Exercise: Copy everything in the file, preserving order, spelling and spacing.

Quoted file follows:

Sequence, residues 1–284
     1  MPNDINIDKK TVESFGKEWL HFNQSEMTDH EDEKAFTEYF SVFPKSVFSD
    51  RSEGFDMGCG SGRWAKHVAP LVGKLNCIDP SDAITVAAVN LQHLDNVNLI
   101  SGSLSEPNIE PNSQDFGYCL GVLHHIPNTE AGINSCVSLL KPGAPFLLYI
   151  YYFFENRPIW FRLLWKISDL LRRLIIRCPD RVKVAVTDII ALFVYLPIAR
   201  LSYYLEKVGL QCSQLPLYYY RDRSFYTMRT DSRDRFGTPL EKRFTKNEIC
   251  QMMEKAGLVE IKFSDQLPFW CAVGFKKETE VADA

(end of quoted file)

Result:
Sequence, residues 1–284
     1  MPNDINIDKK TVESFGKEWL HFNQSEMTDH EDEKAFTEYF SVFPKSVFSD
    51  RSEGFDMGCG SGRWAKHVAP LVGKLNCIDP SDAITVAAVN LQHLDNVNLI
   101  SGSLSEPNIE PNSQDFGYCL GVLHHIPNTE AGINSCVSLL KPGAPFLLYI
   151  YYFFENRPIW FRLLWKISDL LRRLIIRCPD RVKVAVTDII ALFVYLPIAR
   201  LSYYLEKVGL QCSQLPLYYY RDRSFYTMRT DSRDRFGTPL EKRFTKNEIC
   251  QMMEKAGLVE IKFSDQLPFW CAVGFKKETE VADA